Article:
At 16 years, Mary Otieno, was expecting her first child.
Born of a strict mother, Ms Otieno knew too well, her pregnancy journey will not be rosy yet she was willing to soldier on.
She faced rejection, blame, isolation, to some point she felt that she had greatly disappointed her parents.
“I wasn’t ready to be a mother at that tender age because I wanted to concentrate on my studies. As a young mother, you have to be ready to face countless challenges including lack of support from your immediate family members,” narrates the now 19 year old.
Apart from the stigma, Otieno lacked support from the child’s father and this meant entirely depending on her parents for proper diet and prenatal care.
“I used to sleep most of the time due to shame as most of the students used to talk ill about my pregnancy. I felt rejected to the point I wanted to terminate the pregnancy.
Morning sickness made me feel tired and sick to an extent that I rarely went to school,” regretted Otieno calling on young girls to abstain from all forms of sexual activities.
Her appeal to the society, is to come up with ways of supporting the girls who were victims of peer pressure and societal rot.
Her situation is not different from Carolyne’s (not her real name), who is seven months pregnant.
The 14 year old has not had it rosy either. Her parents, she says, have been violent as they have physically abused her and sometimes denied her food claiming that she was a disgrace to the family.
“Health workers in some cases have used inappropriate language that shows their poor attitude towards me. They said that I am too young to have a baby which made me feel embarrassed and this lowered my self-esteem,” says the class eight pupil.
Stigmatization on teenage mothers is slowly but surely wiping the girl child from the society. Condemning is not a solution rather embracing can redeem them.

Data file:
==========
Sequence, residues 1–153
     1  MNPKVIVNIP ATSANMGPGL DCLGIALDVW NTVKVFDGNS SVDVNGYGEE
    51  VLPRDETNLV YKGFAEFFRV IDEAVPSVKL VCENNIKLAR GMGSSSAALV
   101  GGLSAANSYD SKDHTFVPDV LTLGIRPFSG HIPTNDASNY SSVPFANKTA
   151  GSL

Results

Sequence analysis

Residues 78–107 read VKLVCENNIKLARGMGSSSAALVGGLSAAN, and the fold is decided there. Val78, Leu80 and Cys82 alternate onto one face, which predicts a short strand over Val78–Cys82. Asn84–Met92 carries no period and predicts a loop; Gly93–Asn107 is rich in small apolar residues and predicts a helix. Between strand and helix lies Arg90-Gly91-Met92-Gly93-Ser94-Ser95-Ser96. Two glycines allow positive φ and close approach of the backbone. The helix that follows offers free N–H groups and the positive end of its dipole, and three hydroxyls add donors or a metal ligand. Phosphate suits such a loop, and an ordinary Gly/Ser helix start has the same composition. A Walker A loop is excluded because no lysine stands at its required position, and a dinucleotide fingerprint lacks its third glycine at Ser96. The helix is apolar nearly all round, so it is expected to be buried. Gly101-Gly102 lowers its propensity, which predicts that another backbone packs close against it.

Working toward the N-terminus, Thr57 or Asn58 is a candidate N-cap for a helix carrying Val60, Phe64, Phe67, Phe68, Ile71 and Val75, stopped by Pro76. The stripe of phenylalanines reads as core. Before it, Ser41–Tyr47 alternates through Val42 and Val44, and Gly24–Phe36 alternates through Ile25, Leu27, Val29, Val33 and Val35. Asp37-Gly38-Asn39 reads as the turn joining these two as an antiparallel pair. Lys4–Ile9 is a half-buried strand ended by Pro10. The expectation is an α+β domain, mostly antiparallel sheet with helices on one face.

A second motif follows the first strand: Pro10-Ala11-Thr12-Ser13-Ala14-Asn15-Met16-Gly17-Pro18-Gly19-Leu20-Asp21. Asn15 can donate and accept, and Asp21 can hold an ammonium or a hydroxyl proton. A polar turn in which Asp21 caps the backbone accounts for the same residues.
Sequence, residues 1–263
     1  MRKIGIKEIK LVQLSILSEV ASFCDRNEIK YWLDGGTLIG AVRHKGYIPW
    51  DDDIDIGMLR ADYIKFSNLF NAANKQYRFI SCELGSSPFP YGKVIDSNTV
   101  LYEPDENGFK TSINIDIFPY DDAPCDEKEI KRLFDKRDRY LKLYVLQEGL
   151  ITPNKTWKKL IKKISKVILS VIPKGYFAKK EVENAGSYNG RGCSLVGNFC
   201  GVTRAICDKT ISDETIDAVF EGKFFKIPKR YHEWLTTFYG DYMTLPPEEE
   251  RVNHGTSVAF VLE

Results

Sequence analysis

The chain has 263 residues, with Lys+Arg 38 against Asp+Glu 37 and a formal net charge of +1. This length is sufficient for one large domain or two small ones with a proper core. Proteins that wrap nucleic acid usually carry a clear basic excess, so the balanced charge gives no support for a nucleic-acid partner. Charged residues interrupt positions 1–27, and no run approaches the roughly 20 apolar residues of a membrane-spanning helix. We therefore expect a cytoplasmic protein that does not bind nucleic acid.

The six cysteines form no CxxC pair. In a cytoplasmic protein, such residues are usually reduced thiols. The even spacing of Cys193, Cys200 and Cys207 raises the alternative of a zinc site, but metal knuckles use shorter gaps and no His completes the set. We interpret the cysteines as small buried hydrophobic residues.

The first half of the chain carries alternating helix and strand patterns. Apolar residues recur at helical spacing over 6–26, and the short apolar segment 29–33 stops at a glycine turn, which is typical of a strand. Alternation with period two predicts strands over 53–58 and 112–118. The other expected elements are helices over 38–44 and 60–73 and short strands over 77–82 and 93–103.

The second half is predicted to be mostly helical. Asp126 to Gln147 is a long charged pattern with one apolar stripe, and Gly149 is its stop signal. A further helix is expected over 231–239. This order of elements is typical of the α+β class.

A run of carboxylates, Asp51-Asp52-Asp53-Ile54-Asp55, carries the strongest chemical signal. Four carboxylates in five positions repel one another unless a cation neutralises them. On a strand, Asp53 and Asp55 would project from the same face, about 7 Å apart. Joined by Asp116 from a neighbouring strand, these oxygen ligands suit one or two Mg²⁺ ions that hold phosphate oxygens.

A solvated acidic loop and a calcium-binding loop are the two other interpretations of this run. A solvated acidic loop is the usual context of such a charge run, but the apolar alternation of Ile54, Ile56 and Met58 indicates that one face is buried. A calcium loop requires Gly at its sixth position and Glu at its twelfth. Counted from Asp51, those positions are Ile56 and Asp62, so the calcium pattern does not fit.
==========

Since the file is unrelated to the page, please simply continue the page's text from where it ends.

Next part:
Silvia Wanjiku, a project manager at St Martin Catholic Apostle, says parents to these teenage mothers should be at the front line to curb stigmatization.
“Parents have to be friendly and open to discuss and educate the teenagers on sexual reproduction matters,” says Wanjku, adding that parents should be sensitized on responsible parenthood.
As a way of embracing the teenage mothers, St Martin Catholic Apostle has put in measures to rescue them from stigmatization. The organization with the help of its community volunteers and the department of counselling are able to offer basic counselling, mentorship programmes, deal with child abuse matters and educate parents on responsible parenthood.
“In addition, the organization has partnered with the health care system in training the nurses on how to handle the teenage mothers to avoid psychological torture,” adds Wanjiku, who has been offering psycho social support to Otieno and Carolyne.
Prestige Teenage Mothers School in Subukia, Nakuru County, is a home to such teenage mothers, who find solace from the brutal world around them.
According to the school Principal Gladys Kemunto, the objectives of the school is to provide special service for the student mothers so that they can continue with their education without being separated from their children.
“We have caregivers and a nurse who looks after the welfare of both the girls and their babies,” said Ms. Kemunto.
Health Cabinet Secretary Mutahi Kagwe in Nyeri County two weeks ago said, “We must rescue the affected girls and ensure they are taken back to school while building a solid community system that will end these challenges at the County and National levels. Let us have constructive community dialogue that provide solutions.”